Mary Catherine is devastated when her family immigrates from Georgia to Brazil because her father and maternal uncle refuse to accept the terms of Reconstruction following the Confederacy’s defeat. Shortly after arrival in their new country, she is orphaned, leaving her in Uncle Nathan’s care. He hates Mary Catherine, blaming her for his sister’s death. She despises him because she believes Nathan murdered her father. When Mary Catherine discovers Nathan’s plan to be rid of her as well, she flees into the wilderness filled with jaguars and equally dangerous men. Finding refuge among kind peasants, she grows into a beauty, ultimately marrying the scion of a wealthy Portuguese family. Happiness and security seem assured until civil unrest brings armed marauders who have an inexplicable connection to Mary Catherine. Recreating herself has protected Mary Catherine in the past, but the latest crisis will demand all of the courage, intelligence, and creativity she posseses simply to survive.

Excerpt from Confederado do Norte

Chapter 1

I dreamt the dream again last night. In the small hours, I awoke in a tumble of bedclothes and bathed in perspiration despite the howling snowstorm blanketing the city. I rearranged quilts and plumped pillows, but sleep remained elusive. My mind refused to be quiet.
As often happens after such a night, I felt unable to rise at my usual hour and remained abed long after the maids cleared breakfast from the morning room. My daughter-in-law, bless her heart, meant well. I told her it was ridiculous to bring the doctor out on such a frigid day, but apparently the very old, like the very young, are not to be trusted in matters of judgment. After the doctor listened to my chest, a studied sympathy filled his eyes and he gently suggested that perhaps I should get my affairs in order. No doubt he wondered at my smile for he couldn’t have known I have no affairs other than my memories and the emotions they engender.
Unlike most elderly persons, I don’t revel in slogging through the past. It isn’t wrapped in pretty ribbons or surrounded by a golden aura. Instead, its voices haunt my dreams, demanding and accusatory. Until recently, I’ve resisted their intrusion into my waking life, but I now believe the past can no longer remain buried in nocturnal visions. It must be brought out into the light of day. From its earliest moments onward, the past’s substance must be gouged out, pulled apart, and examined bit by bit until its truth is exposed. While total objectivity may not be possible, I have concluded that committing the past to paper is my best hope for sorting facts from imaginings. Perhaps then I will achieve the peace that has so long hidden its face from me.
You see, when I was quite young—only a girl really—I killed four people. Two were dearly beloved, one was a hated enemy, and the last was a dangerous criminal.

Chapter 2

My story begins at the end of a terrible war, one that destroyed many lives and much property. But for that war and a handful of newspaper editorials and advertisements, my life would have turned out quite differently. Sometimes it seems no time at all has passed since I was a nine-year-old child standing on the deck of a ship watching home disappear over the horizon.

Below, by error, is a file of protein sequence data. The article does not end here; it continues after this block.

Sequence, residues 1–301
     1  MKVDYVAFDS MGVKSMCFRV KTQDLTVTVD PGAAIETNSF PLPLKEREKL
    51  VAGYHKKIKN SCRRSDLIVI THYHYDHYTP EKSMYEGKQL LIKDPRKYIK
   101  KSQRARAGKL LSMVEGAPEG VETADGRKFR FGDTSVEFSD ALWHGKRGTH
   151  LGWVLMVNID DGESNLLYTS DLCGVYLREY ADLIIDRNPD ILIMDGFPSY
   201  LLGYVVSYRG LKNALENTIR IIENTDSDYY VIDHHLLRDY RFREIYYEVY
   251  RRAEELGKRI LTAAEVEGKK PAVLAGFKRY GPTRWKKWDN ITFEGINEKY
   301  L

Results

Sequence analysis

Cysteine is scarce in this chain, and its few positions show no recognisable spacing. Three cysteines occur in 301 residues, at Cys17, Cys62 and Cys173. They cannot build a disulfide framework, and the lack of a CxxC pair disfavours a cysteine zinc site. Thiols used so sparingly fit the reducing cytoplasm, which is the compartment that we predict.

Warm Gulf breezes tugged at the brim of my bonnet, setting its ribbons dancing. Leaning over the Alyssa Jane’s railing, I stared back in the direction of Mobile Bay and pretended I could see the dock where my beloved Bess stood, probably still waving. Mama, her pretty features marred by a furrowed brow and down turned mouth, paced beside me.
“Mary Catherine MacDonald! Get down before you fall overboard. All we need right now is another crisis. And stop wiping your nose on your sleeve.”
Mama didn’t seem to understand anything anymore. Before we left home, she was calm and kind. Afterward, she snapped at the least little thing. I threw her a hateful glance, but she had already turned away, so I stubbornly leaned a little farther out over the railing. The wake trailing behind the Alyssa Jane looked like a blue-green path lined on either side by mounds of ginned cotton, a path pushing me away from the only life I had ever known. Only my sniveling broke the silence of that October morning.
A swish of crinolines brought Mama beside me. She grabbed my arm and whispered through clenched teeth, “Mary C., I told you to get off that railing. Go below and stay there until you can do as you’re told!”
I stomped across the deck, pausing once beside the mainmast to scowl over my shoulder. It was all so unfair. I hadn’t asked to be dragged along on this blasted trip. I wanted Bess. I wanted to go home, no matter how damaged it was, no matter who ran the stupid government. I wanted to be anywhere but here. But Mama turned away from me. She wasn’t even going to watch to see that I did what she said. Her indifference was like a slap in the face.
As I jumped through the open hatch leading below deck, the pungent odor of pine tar mixed with burning kerosene assailed my senses. I hated the smell. Besides making me slightly queasy, it reminded me of how final my losses were. Nothing at home smelled like the interior of that old tub. I hit the steps at a near run with plans to fling myself into my hammock and stay there forever. It would serve them right if I just upped and died. I bowled along toward the sleeping area blinded by tears and the sudden gloom of the narrow passageway.
Without warning, I crashed headlong into a pair of wool-encased legs. The trousers’ owner and I struggled momentarily in an awkward dance. With a standoff in the making, he harrumphed once, picked me up by my arms, deposited me on the other side of him, and stepped toward the hatch.
Tears forgotten, I tugged on his retreating coattails, ready to let him see my displeasure. Hooded eyes with ink black irises stared down in return. He didn’t look particularly angry, but authority hung about him like a mantle.
I swallowed, choked back what I intended to say, and instead muttered, “I’m sorry for running into you.”